“I Could Have Solved Zim’s Power Crisis 12 Years Ago BUT Corruption” – Masiyiwa

“I Could Have Solved Zim’s Power Crisis 12 Years Ago BUT Corruption” – Masiyiwa

Zimbabwe’s dominant mobile network operator, Econet had a complete blackout today.

It is time to Panic a little

It is time to Panic a little

I think it was 1992, the season started badly and as it progressed the heat increased until we were experiencing temperatures over 50 degrees Celsius in the lowveld.

Howzat! – Zimbabwe Vigil Diary

Howzat! – Zimbabwe Vigil Diary

The endemic corruption in Zimbabwe has seen the country’s cricket teams suspended by the International Cricket Council. ICC funding to Zimbabwe has been frozen and Zimbabwe is now unlikely to be able to play the scheduled T20 World Cup matches in October. 

Ncube not a natural

EDITOR - In a development that shocked many Zimbabweans a couple of years ago, the State owned daily newspaper, The Herald carried full page headline story...

Act of desperation

EDITOR - Article 19 of the Universal Declaration of Human Rights states: "Everyone has the right...

Crisis in teaching profession

EDITOR - It is interesting that Zanu (PF) passed a resolution at its congress that 'salaries...

We need a Churchill

EDITOR - It has been reported that Assistant Commissioner Wayne Bvudzjena has killed a 10-year-old child...

Moment of truth

EDITOR - I have been silent for too long without uttering my views. My fellow brothers...

‘Villagisation of Harare’ under commission

EDITOR - It is unfortunate and regrettable that the Minister of Local Government, Public Works and...

‘Comrade loyal whistleblowers’

EDITOR - Zanu (PF) has remained consistent in showing everybody how it can vary the use...

I blame Zimbos

EDITOR - About the Zanu (PF) thuggery in South Africa, I blame Zimbos. Cowards for life....

Helping Zimbabwe’s most vulnerable


International Organization for Migration has launched a massive multi-media campaign in Zimbabwe, aimed...

Human rights – a huge step forward for Africa

An organ of the African Union has made a bold statement for the first time since...

Currency dealers pray for Mugabe

HARARE - Twenty-two year old Simbarashe Gumbo stashes wads of cash in the boot of his...

Economic outlook bleak

BY ERIC BLOCH President Robert Mugabe and his ministers have tried vigorously to convince the nation and...

Inflation almost 600%

HARARE - Zimbabwe's annual inflation rate soared to 585.8 percent in December from 502.4 percent in...



Zimbabwe sports minister Kirsty Coventry on Friday denied that the government had been interfering in the running of the country’s cricket. Coventry, a former Olympic swimming champion, said in a tweet she was “devastated” by the effect on players of a decision by the International Cricket Council (ICC) to suspend Zimbabwe Cricket because of alleged political interference. Thursday’s ICC action followed the suspension by Zimbabwe’s Sports and Recreation Commission (SRC) of the Zimbabwe Cricket board elected in June. The SRC appointed an interim committee. The ICC demanded that the elected board be reinstated within three months. Coventry said in her tweet that although the SRC was appointed by the sports minister, “SRC is not government – they are a public body.” She said in another tweet: “There is need for good governance at ZC for the international success we all want to see.” Coventry added that she would meet the country’s men’s and women’s captains on Friday. The ICC suspension means that Zimbabwean teams will be unable to play scheduled international matches in ICC events. Former Zimbabwe player Henry Olonga, the first black cricketer to represent the country in 1995, tweeted support for Coventry and the disbanding of the previous board. “Sorry Kirsty but they ain’t listening. The rest of us see it for what it is,” tweeted Olonga, who left the country after he and former captain Andy Flower protested against former president Robert Mugabe’s government during the 2003 World Cup. “A bunch of incompetent people were running a sport into the ground. This incompetence was known by them for five years. Why didn’t the ICC take strong action then? Curious.” Corrupt and incompetent Former sports minister David Coltart said the ICC had ignored the wishes of Zimbabwean players. “Whilst I understand ICC’s desire to keep political interference out of cricket the irony of this decision is that they have reinstated the politicians responsible for destroying the game in Zimbabwe,” he tweeted. “They should have ordered and organised fresh elections for a new board. “There will be no introspection from the corrupt and incompetent board that the ICC wants reinstated. We need a fresh start with no political interference. Let those who love and know the game run it.” Tony Irish, chief executive of the Federation of International Cricketers’ Association (Fica), said in Cape Town that the plight of Zimbabwe’s cricketers was a matter of concern for players around the world. “Zimbabwe does not have a players’ association but we care quite deeply about the players,” said Irish in a preliminary comment ahead of a statement which he said Fica would issue later on Friday. All-rounder Sikandar Raza, who was on the recently concluded tour of Netherlands and Ireland in which Zimbabwe won just one out of 11 matches, expressed dismay at the UCC decision. “How one decision has made so many people unemployed… how one decision has ended so many careers. Certainly not how I wanted to say goodbye to international cricket.” Zimbabwe were made full members of the ICC and granted Test status in 1992. They failed to qualify for the 2019 World Cup.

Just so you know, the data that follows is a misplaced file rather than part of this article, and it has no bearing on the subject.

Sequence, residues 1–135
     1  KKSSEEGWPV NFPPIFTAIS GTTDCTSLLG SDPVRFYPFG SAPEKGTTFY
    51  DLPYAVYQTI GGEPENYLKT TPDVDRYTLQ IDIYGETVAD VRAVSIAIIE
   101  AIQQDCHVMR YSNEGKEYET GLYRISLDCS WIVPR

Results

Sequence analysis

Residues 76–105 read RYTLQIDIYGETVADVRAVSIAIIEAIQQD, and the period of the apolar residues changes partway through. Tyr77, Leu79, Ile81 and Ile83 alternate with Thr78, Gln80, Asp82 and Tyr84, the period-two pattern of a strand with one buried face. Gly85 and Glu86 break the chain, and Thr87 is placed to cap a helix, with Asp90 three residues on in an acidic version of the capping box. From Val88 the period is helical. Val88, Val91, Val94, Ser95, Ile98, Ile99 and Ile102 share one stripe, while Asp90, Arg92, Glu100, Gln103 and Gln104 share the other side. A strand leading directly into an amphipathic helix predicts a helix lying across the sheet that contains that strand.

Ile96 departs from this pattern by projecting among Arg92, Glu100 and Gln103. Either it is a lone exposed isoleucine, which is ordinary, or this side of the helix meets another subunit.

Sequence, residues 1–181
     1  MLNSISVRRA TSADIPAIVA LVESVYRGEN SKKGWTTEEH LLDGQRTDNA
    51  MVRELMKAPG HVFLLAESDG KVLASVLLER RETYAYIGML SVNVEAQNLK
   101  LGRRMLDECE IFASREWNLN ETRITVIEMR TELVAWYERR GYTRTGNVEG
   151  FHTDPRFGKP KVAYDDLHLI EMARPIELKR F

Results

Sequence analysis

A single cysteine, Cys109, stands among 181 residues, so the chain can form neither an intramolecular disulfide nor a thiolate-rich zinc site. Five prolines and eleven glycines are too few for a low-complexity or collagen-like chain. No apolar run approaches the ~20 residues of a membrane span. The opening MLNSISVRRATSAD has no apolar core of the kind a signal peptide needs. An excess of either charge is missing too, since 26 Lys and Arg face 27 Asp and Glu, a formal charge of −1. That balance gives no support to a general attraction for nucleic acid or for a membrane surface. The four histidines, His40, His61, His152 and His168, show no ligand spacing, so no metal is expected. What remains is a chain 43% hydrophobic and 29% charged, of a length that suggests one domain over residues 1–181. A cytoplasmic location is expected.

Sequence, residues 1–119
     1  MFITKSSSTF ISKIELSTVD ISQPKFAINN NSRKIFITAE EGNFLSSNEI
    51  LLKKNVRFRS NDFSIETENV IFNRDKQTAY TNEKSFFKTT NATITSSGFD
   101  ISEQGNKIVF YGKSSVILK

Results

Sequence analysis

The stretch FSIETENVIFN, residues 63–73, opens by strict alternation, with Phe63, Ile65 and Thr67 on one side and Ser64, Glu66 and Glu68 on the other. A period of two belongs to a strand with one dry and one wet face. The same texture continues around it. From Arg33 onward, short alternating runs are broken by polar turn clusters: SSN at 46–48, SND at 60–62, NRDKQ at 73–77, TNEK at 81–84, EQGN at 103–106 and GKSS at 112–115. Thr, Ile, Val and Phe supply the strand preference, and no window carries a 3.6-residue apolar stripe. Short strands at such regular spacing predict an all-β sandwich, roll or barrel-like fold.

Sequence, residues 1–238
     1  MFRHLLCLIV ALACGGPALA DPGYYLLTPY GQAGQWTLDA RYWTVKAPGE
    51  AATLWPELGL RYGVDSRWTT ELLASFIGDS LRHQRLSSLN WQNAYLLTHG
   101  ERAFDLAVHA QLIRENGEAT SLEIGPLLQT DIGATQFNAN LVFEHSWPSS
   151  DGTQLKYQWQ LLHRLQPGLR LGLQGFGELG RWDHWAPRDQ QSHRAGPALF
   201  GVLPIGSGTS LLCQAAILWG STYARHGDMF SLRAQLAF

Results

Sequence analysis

Makoto finishes joint fourth in Tunisia Africa Chess Individual Championships

Zimbabwe’s participation in World T20 qualifiers in doubt after ICC suspension

The extraordinary story of Zimbabwe’s netball minnows